Keith Makin, a former director of social services with more than 30 years of experience in the social care field, will lead the independent lessons learnt review which will consider the response of the Church of England and its officers to the allegations against John Smyth. Keith has led several serious case reviews and has chaired several local safeguarding partnerships.
The Terms of Reference show that the review will also consider the response of the other organisations involved; Winchester College, the Titus Trust, and the Scripture Union, to the extent that those organisations are willing to co-operate.
This review will allow those individuals who are survivors of John Smyth and who have given an account to the Church of England to describe their experiences. It will also consider the actions of Church of England participants and will identify both good practice and failings in the Church’s handling of the allegations, so lessons can be learnt to improve response to allegations of abuse and, thereby, ensure the Church provides a safer environment for all.
Commenting on the review, the Church of England’s lead safeguarding bishop, Peter Hancock said: “I know for survivors of John Smyth this review into the Church’s response – and the response of others - is vital to them. It was their bravery in coming forward that finally brought the abuse perpetrated by Smyth to the attention of the police and wider Church. We commend their actions and I pray that with cooperation from the other organisations, the review will be comprehensive and that lessons will be learnt both by the Church and all those involved. We recognise that the process of a review can be a very difficult one, and our thoughts remain with the victims and survivors of John Smyth. We remain aware that others were victims of Smyth that have not come forward to the Church and we urge them to make contact if they would like support. Please email [email protected]”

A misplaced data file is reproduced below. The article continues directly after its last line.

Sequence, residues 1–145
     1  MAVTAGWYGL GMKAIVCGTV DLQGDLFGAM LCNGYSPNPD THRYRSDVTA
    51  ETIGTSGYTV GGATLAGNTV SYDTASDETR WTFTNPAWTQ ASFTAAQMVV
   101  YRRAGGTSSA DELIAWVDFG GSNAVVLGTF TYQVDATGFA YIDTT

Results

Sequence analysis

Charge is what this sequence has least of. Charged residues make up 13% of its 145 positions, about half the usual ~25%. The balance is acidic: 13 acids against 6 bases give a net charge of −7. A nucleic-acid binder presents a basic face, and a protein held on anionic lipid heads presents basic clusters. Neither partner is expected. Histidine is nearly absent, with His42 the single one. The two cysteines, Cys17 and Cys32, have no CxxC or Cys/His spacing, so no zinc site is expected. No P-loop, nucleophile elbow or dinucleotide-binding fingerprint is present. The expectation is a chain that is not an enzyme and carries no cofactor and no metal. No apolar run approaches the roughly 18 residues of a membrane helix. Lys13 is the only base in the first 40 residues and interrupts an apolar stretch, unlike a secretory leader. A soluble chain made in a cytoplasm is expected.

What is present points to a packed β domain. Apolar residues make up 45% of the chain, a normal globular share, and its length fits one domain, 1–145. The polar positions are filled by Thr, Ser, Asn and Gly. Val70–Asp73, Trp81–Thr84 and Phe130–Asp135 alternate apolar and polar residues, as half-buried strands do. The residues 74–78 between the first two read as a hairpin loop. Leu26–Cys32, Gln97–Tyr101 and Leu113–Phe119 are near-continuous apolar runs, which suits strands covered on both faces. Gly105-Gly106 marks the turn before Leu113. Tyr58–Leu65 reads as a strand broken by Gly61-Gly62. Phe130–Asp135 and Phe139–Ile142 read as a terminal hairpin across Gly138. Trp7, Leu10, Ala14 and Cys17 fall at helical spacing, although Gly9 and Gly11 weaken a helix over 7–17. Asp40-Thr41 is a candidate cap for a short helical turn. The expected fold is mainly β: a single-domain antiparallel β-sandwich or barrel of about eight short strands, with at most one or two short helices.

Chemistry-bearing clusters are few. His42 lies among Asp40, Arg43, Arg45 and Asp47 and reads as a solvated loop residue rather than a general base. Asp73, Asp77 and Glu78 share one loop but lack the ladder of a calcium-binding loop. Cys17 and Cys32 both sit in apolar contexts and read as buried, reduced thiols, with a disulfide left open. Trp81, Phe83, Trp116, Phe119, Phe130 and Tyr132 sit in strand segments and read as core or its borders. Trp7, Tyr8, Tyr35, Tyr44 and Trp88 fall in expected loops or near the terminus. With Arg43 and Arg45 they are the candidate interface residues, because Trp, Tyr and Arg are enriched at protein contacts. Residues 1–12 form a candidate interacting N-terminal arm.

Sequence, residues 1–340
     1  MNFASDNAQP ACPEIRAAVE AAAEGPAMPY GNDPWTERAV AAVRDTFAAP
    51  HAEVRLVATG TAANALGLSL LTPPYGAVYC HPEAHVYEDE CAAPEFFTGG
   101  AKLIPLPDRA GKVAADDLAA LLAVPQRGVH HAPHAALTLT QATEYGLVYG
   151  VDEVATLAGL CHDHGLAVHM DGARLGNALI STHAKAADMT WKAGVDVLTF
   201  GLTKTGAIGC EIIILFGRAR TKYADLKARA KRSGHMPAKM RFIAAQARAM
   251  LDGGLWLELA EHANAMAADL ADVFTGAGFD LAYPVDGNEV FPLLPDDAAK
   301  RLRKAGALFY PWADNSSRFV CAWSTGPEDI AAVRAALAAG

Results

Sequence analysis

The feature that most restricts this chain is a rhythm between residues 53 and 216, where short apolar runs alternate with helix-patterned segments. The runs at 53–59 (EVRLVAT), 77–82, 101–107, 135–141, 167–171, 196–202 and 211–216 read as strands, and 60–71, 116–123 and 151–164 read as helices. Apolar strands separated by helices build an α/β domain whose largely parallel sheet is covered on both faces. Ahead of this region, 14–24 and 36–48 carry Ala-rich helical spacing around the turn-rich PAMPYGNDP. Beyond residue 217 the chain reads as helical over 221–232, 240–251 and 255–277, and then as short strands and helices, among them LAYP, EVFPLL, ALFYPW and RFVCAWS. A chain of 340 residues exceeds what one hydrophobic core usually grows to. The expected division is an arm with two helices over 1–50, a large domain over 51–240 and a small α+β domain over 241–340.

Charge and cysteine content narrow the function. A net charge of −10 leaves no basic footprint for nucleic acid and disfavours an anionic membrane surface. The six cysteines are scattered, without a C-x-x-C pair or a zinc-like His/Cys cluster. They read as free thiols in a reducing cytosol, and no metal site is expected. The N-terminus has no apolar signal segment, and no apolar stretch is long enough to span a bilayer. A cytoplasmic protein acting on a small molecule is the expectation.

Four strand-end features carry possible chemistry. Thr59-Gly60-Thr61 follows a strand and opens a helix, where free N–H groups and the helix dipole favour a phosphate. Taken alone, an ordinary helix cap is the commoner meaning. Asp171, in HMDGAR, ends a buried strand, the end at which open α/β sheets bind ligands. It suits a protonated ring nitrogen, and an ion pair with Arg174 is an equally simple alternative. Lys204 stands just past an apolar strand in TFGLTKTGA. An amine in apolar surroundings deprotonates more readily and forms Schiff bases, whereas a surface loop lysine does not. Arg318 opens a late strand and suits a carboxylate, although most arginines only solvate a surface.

Keith Makin is an executive in the social care and health sector, with over 30 years experience as a manager. He has held the posts of Director of Social Services, Chief Executive of an independent childcare agency, Executive Director of a Government Improvement Agency and now runs a consultancy in social care and health. Keith is also active in the voluntary sector, having been a Board member and Director of several organisations, including two social enterprises.
Keith is a qualified social worker. He has a degree in Economics, with postgraduate qualifications in Social Administration and Management.
Keith has chaired several local safeguarding partnerships and has led on several high profile reviews and inquiries into safeguarding concerns.
2017 Church of England statements on Smyth abuse
- Statement on John Smyth allegations
- Statement on behalf of the Archbishop of Canterbury
- Comment by the Archbishop of Canterbury in response to the statement by the Bishop of Guildford
2018 statement on death of John Smyth